Weaving Stories of Hope in WMC’s Obstetrics Department
with Williamson Medical Center
For more than fifty years, area resident Janet Weidner has been crocheting blankets, crafts, baby booties and outfits. If you can think of it, Janet can crochet it. But, about a year ago, the lifetime hobby became something more. As the crafter behind the themed crocheted baby outfits featured in Williamson Medical Center’s (WMC) baby photos each month, Janet is proud to play a small role in celebrating the hospital that means so much to her.
Starting the Chain
Janet first started crocheting to regain dexterity in her hand following a surgery. When Janet was diagnosed with breast cancer several years ago while living in Florida, crocheting became the thread that held her together. During chemo, Janet, armed with a crochet hook and yarn, would create lap blankets for her fellow patients.
“My breast cancer was pretty rough,” Janet recalled. “During that year of chemo, crocheting is really what kept me going. I couldn’t do that much, so I would crochet.”
Closing the Loop
A few years ago, after her battle with cancer, Janet and her husband retired and moved to middle Tennessee to be closer to their son and daughter-in-law who live in Williamson County. That is when Janet’s path first crossed with Williamson Medical Center and nurse/photographer, Kristie Lloyd.
“I went through my cancer, and I was just determined that I was not going to give up,” Janet said. “I just knew I had more things in life to do—and I’ve had three more grandkids since the cancer, including Charlotte, my miracle granddaughter born at Williamson Medical.”
Charlotte was born early after a high-risk pregnancy, which the Williamson Medical Center staff helped the family navigate. Kristie Lloyd, who takes the monthly photos of the Williamson Medical Center babies, also formerly worked part-time as a labor and delivery nurse at the hospital and was on duty assisting the delivery team when Charlotte’s birth became an emergency. Janet is grateful for the hospital staff’s quick actions and compassionate care that resulted in Charlotte’s safe delivery.
In addition to being a nurse, Kristie has a photography business and took the newborn photos of Janet’s granddaughter, Charlotte. “When I was approached about making baby outfits and realized it was for Williamson Medical Center, that made it so much better,” Janet said. “Then I realized Kristie was taking the photos. It’s not a coincidence; it’s a God thing.”
Julie Benavides, a labor and delivery nurse at WMC, said Janet’s family’s experience reflects Williamson Medical Center’s caring, relational approach to patients and their families.
“What sets us apart is our attention to detail,” Julie said. “We customize our care to each patient, and we really focus on getting to know our patients and building a relationship with them.”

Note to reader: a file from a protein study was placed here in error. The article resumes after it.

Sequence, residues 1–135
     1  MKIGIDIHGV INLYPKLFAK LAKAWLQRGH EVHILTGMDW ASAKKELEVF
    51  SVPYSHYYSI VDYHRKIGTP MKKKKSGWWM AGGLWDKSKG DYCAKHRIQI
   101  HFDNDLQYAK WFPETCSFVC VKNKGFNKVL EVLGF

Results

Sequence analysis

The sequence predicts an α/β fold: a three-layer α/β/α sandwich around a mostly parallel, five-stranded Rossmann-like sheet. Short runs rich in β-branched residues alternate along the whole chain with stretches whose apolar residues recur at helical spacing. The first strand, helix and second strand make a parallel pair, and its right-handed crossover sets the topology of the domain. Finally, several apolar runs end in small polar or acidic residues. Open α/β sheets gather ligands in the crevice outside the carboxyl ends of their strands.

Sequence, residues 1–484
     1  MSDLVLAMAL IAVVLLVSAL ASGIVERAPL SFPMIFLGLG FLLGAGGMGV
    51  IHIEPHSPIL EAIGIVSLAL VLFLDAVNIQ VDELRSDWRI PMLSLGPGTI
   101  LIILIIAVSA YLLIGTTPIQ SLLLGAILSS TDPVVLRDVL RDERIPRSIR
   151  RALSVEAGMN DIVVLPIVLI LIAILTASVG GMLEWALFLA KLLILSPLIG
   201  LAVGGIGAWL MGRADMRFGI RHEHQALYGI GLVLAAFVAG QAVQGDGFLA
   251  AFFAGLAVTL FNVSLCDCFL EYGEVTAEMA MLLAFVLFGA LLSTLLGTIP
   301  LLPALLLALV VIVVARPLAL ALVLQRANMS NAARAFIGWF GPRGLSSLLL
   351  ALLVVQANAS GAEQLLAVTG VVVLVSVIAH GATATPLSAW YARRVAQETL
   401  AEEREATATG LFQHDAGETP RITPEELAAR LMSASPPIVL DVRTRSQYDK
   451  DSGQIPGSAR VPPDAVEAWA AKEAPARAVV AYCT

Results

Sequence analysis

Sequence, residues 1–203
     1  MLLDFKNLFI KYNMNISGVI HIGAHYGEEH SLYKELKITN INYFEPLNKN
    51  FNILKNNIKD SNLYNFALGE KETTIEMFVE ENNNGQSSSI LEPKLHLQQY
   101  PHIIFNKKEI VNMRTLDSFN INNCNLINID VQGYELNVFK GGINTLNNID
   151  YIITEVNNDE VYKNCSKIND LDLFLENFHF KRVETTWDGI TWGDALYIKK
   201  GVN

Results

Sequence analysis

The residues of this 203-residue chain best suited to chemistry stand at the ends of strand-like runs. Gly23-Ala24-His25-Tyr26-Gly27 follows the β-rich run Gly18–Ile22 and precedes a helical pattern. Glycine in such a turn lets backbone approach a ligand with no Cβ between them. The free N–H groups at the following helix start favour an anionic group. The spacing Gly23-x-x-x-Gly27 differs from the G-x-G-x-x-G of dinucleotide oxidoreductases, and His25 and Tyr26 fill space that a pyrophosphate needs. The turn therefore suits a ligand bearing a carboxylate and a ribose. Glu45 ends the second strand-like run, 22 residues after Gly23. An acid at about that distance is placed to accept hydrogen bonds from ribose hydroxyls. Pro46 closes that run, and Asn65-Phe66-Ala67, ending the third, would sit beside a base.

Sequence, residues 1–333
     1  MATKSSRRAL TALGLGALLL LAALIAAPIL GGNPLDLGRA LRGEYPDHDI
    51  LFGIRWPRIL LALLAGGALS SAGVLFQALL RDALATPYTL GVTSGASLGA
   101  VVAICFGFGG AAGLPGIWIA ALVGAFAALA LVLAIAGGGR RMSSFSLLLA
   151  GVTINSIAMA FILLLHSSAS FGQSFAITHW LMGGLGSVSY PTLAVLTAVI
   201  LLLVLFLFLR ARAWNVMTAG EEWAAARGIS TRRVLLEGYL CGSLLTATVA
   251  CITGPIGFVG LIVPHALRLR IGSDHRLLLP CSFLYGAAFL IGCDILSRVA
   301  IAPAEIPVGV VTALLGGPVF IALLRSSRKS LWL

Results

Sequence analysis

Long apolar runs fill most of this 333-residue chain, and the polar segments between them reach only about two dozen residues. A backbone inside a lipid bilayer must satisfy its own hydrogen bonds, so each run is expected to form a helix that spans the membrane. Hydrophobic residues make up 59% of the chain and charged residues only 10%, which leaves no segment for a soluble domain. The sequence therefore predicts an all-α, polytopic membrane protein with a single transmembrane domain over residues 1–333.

Williamson Medical Center’s awarding-winning obstetrics (OB) and neonatal intensive care unit (NICU) offer exceptional labor and delivery services close to home. “Our goal is a healthy mom and a healthy baby,” Julie said, noting that the medical professionals and staff work to build a personalized plan of care for each prospective mother and family, allowing for natural childbirth options, doulas and more, in the delivery room. The hospital and OB staff are also well-equipped to handle births that don’t exactly follow the plan, like Charlotte’s, accommodating C-sections and more.
“It’s so special to be with the parent in that most intimate moment in their life,” Julie said. “I love seeing their faces when they hear that first cry, and I never take it for granted. At Williamson Medical Center, we’re like a family.”
When Williamson Medical Center’s baby photos are shared each month, Julie, Kristie and Janet all look forward to the community’s response. “I mean who doesn’t love a cute baby photo?” Julie said. “Those crocheted outfits, the detail Janet puts into them—we truly appreciate it because it just brings joy to everyone in the community.”
Janet says that once a theme is developed for the photo shoot, she gets to work finding patterns or sketching out her ideas. Depending on the intricacy level, it usually takes her about a week to crochet the outfits. Then, it’s Kristie’s turn. “I coordinate a time to go up to the hospital and find parents willing to let their babies model for us,” Kristie said. “Most parents really love getting newborn photos of their babies, and we also make sure they get copies of those photos, too.”
Kristie has since transitioned from the OB team and works as a PRN in the occupational health department at Williamson Medical Center. However, she still works with babies as a photographer. “My photography business focuses on maternity and newborn photos, so while I am not helping deliver babies anymore, I am photographing them!”
To make the whole experience even more special, Williamson Medical Center gifts the outfits to the parents after the photoshoot. “The fact that parents get to take the outfit home, it hits my soft spot,” Janet said. Kristie agrees.
“Williamson Medical Center has been a part of my life for almost a decade now,” she said. “It’s amazing to still work there as a nurse but also have a broader involvement in the community through the baby photos. People look forward to them every month — that definitely makes you feel good.”
Janet is also working with the Williamson Medical Center Foundation on another endeavor supporting women going through breast cancer. Watch for information to come about the Operation Pink Chairs Project.
To learn more about Williamson Medical Center’s award-winning OB and NICU care, visit williamsonmedicalcenter.org.